It's not like English has ever been consistent about Anglicization anyway: when was the last time the first name of the late decapitated Queen of France was referred to as Mary? (Don't even get me started on the pronunciation of "Maria" in English- Mah-REE-ah vs Mah-RYE-ah (the latter used to be more common), then there's MAH-ree-ah...)

    Thanked by 1chonak
  • MatthewRoth
    Posts: 1,224
    Liam, this is where ecclesiastical Latin is important: you have Mary, and then you have a sea. I don’t know where the middle pronunciation came from, and it seems now to be reserved for “Mariah.” Also: Joseph or Josef?

    Interestingly, “Char–uls” is how I say “Charles.” It is closer to one syllable with the rest kinda getting lost in French, IMHO, but yes, Karl will do.
  • Liam
    Posts: 3,896
    Then there's American:

    Chip/Chuck (Frank Joe Lou Bert...)
  • I don't think it would be a stretch to sing a properly-pronounced "Charles" as two syllables.

    Tscha-uhls. Like a liquescent on the first syllable of "audivit," for instance.
  • Liam
    Posts: 3,896
    In Amurkan, it will be Tchar-earls.
    Thanked by 1NihilNominis
  • chonakchonak
    Posts: 7,956
    Isn't that something done in Irish folk music?
  • Xav
    Posts: 23
    I thought Charles and Karl were interchangeable in the original with one syllable each.
    I like how "Blessed Charles (or Karl)" starts each verse. (If he gets an upgrade it will be a metrical problem.)
    I am not allergic to thou/thee/thy as some hymnal editors seem to be. I think it sounds natural in the original but wert and troddest sound a bit affected. I agree with Chonak that a you/your rewrite might work provided the result doesn't sound Bowdlerised.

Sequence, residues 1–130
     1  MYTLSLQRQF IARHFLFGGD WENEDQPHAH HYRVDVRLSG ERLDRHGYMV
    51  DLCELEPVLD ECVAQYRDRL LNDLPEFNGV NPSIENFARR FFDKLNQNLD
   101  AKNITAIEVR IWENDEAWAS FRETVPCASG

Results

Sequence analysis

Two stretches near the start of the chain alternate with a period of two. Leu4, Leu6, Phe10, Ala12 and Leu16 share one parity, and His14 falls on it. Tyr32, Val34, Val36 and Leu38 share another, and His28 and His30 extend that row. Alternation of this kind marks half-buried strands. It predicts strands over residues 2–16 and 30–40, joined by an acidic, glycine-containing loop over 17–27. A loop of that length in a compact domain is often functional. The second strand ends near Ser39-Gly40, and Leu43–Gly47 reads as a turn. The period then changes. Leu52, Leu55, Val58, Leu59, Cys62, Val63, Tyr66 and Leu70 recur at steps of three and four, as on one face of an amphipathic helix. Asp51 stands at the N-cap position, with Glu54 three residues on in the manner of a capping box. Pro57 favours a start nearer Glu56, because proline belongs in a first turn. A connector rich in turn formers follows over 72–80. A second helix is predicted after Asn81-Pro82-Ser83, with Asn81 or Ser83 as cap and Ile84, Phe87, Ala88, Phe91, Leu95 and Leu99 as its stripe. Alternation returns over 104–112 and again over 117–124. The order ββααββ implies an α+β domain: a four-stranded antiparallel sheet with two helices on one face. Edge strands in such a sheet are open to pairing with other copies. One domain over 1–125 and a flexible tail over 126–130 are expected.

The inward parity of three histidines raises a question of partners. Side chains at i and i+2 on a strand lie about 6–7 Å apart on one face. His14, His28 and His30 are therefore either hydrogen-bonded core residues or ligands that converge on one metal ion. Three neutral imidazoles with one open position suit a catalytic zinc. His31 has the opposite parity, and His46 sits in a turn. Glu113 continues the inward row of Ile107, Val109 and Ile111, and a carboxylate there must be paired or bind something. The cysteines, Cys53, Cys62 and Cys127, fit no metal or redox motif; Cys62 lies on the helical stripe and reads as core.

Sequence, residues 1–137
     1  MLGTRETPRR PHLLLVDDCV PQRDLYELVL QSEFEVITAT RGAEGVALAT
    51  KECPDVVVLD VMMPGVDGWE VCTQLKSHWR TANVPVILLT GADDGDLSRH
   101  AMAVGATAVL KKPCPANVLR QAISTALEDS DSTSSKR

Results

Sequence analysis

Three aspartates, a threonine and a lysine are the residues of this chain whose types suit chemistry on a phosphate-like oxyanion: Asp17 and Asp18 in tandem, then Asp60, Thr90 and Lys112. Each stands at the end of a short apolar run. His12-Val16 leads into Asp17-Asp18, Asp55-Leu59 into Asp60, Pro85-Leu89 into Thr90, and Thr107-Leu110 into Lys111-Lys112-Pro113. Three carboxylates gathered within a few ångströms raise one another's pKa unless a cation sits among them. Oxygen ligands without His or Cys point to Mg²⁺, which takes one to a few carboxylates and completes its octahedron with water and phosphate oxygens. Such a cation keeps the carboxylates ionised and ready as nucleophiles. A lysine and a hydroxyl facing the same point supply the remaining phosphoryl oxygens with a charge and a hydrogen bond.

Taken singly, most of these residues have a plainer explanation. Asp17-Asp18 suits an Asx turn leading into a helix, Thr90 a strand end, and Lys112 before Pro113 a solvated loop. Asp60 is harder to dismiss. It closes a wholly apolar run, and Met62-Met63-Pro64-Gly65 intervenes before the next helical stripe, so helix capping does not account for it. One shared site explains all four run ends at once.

I think the idea in the first original verse that Charles (or Karl) displayed heroic sanctity by ruling as a Christian and uniting his sufferings to the sufferings of Christ gets a bit lost in NihilNominis' rewrite which makes it seem that being overthrown was what mattered. (The Bible Society has put out a little book for The Queen's 90th birthday called The Servant Queen: and the King she serves. They must have pinched Cliens_Caroli's idea.)
    I think the identification of throne, altar and cross in the original verse 2 is genius.
  • Xav,

    Remember, he wasn't overthrown; he never abdicated.

    Regnavit a ligno Deus

    I suppose I did beat it to death, but the unrecognized king, rejected by his people, reigning really and by right but unacknowledged in the midst of his suffering was too good.
  • Liam
    Posts: 3,896
    He was overthrown and deposed; murder is not needed for that to be true. A republic was declared in both Austria and Hungary (a kingdom was later set up in the latter, of course, but there was a gap in continuity, and the successor entity had a fictional relationship to the former kingdom as a legal organism).
  • melofluentmelofluent
    Posts: 4,160
    I love the prosecution of my Christian name, and all that Chaz.
    Thanked by 1CHGiffen
  • Liam
    Posts: 3,896
    OK, Chip.
  • Thankyou all for your contributions so far.

    I don't want to make an "artist's statement" because the lyric ought to speak for itself.

    This could be interpolated as a fifth verse. (I would also swap verses 3 and 4 around.)

    Blessed Karl who as an exile
    strovest still God’s will to do
    though the way ahead was clouded
    and its hardships only grew,
    should this chalice pass not by me
    by the glories thou hast won
    aid me in my trials that, like thee,
    I may say, “God’s will be done.”
  • chonakchonak
    Posts: 7,956
    Maybe it would be useful, for the purpose of organizing thoughts, to write down *in prose* the points of Bl. Karl's life you want to highlight, and what intercessions you want the hymn to make. What is most important? What theological messages are you trying to convey? In what order do you want to deal with the various aspects?

    As for this draft, this verse shifts from "we"-speech to "I"-speech, so that's not consistent with what goes before.

    "This chalice" would make sense if the previous stanzas were about some impending threat of death, but they aren't, so I can't see a justification for the term. Come to think of it, the idea of using "this chalice" to refer to one's own sufferings at all is shocking to me.